How Much Does A Macerator Cost?

Posted On Posted on 5th April, 2022 by Ozz

What is a macerator?

Macerators – also known as munchers – are used for macerating raw sewage, sludge and industrial waste. Known for their ability to reduce the size of any solid that is fed through it;
macerators are an effective means for dealing with wet wipes, sanitary products and any solids that may enter your wastewater.

Not to be confused with macerator pumps: a macerator or muncher is a set of teeth driven by a motor and notably does not have any pumping abilities. Macerator pumps, on the other hand, have the ability to pump liquids and small solids. A macerator pump also utilises a sharp blade to reduce the size of any larger solids that may attempt to enter its volute.

In this blog, we explore larger industrial and commercial macerators for sewage and wastewater disposal. It’s important to note that these are not meant for domestic use (as is the case with most of our products).

What are the advantages of a macerator?

The key advantages of macerators are:

  • Fewer blockages
  • Less downtime
  • Reduced waste and size of waste on treatment plants
  • Effectively eliminates problems with wet wipes and sanitary products
  • Able to grind a wide variety of solids
  • Automated controls
  • Reduced maintenance and running costs

When installing a macerator, a significant advantage is an increased flow rate. Although macerators aren’t pumps, they still work to increase flow rate by reducing blockages, resulting in longer working periods and increased efficiency. Put simply, macerators run for longer periods without any blockages, so you’ll notice an improved flow rate than if you are constantly having to unblock your pumps.

Why would I need to install a macerator?

In order to discharge wastewater into the sewers, you may be required to install a macerator within your system to comply with the environmental agency or the local water authority. This is often the case when there is a high solid content going into the sewer.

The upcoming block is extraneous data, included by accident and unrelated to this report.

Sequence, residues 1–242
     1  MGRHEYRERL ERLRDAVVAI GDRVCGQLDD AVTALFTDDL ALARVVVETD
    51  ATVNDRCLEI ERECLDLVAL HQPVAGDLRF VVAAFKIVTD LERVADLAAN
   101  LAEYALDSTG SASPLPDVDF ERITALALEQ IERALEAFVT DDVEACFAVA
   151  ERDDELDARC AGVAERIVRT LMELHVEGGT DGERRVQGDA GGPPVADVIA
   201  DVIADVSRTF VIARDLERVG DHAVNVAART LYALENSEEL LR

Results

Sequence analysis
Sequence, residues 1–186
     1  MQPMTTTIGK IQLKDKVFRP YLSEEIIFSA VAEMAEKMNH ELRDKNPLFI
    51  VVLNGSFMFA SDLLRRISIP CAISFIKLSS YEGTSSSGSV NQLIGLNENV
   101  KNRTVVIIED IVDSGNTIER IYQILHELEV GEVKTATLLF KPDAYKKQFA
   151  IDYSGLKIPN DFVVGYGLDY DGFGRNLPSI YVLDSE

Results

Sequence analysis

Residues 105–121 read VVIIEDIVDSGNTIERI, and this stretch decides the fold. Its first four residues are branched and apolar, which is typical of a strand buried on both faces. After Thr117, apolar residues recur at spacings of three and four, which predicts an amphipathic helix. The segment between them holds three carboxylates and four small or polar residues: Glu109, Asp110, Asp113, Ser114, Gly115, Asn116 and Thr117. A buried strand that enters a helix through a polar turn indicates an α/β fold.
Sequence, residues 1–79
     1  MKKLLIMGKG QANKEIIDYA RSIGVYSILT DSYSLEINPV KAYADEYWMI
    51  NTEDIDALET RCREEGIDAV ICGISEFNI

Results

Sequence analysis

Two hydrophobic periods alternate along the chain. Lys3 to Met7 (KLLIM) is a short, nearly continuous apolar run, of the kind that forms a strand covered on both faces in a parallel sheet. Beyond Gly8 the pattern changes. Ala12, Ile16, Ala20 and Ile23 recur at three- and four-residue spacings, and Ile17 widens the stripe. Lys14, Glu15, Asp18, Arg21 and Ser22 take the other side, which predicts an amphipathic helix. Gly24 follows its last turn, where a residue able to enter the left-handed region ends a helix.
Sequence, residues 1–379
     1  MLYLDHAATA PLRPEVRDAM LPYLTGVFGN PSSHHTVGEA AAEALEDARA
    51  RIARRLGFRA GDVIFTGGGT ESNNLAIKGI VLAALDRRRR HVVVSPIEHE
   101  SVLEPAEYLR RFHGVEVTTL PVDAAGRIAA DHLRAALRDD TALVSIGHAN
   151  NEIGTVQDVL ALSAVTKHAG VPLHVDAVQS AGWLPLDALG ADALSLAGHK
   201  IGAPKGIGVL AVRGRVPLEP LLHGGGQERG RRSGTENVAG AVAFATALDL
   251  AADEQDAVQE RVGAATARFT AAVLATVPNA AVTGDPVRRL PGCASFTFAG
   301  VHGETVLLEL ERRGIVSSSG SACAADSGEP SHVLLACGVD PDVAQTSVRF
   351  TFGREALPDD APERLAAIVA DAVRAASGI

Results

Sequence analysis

Another reason you may need to install a macerator is if you’re experiencing lots of blockages in your pump station, and are unable to increase the rising main or pump size in the pump station. In this instance, a macerator will reduce the size of waste to fit through existing pumps and pipework.

Another benefit of installing a macerator is to increase your treatment plants capacity and performance. By installing a macerator before a treatment plant, you can increase efficiency by reconditioning the wastewater much faster.

How much is my macerator going to cost?

The average price for a 2.2kw to 4kw macerator is between £7,500 to £15,000. This cost estimate is for a robust and highly effective unit, excluding the controls and installation costs.

Typically, the most common types of macerators are Mono Munchers and Muffin Monsters. As with all price estimates, these costs will vary depending on a number of factors, like the size of the system and the type of waste it is macerating.

Other costs to consider when you are fitting a new system are:

  • Groundwork costs
  • Power supply
  • Installation costs
  • Controls
  • Commissioning

It’s worth noting that the cost of a macerator installation would significantly outweigh the cost and hassle of using tankers, callouts fees and the removal of recurrent blockages.

What’s the advantage of a channel macerator?

Having a channel macerator, or muncher means the waste water processing remains operational in the case of a macerator failure or blockage.

If the muncher was to fail or get stuck with too many solids trying to pass, the liquid content is able to continue flowing over the top and around the muncher. This means your site can stay operational until you are able to get an engineer to the site to unblock the macerator.

Where are macerators found?

Macerators are typically found in commercial sewage systems – not in residential properties.

They are often required on industrial and commercial sites that can excounter a high percentage of solids in their waste. Some examples of where macerators are frequently used are:

  • Abattoirs
  • Food processing factories
  • Housing estates
  • Prisons
  • Hospitals
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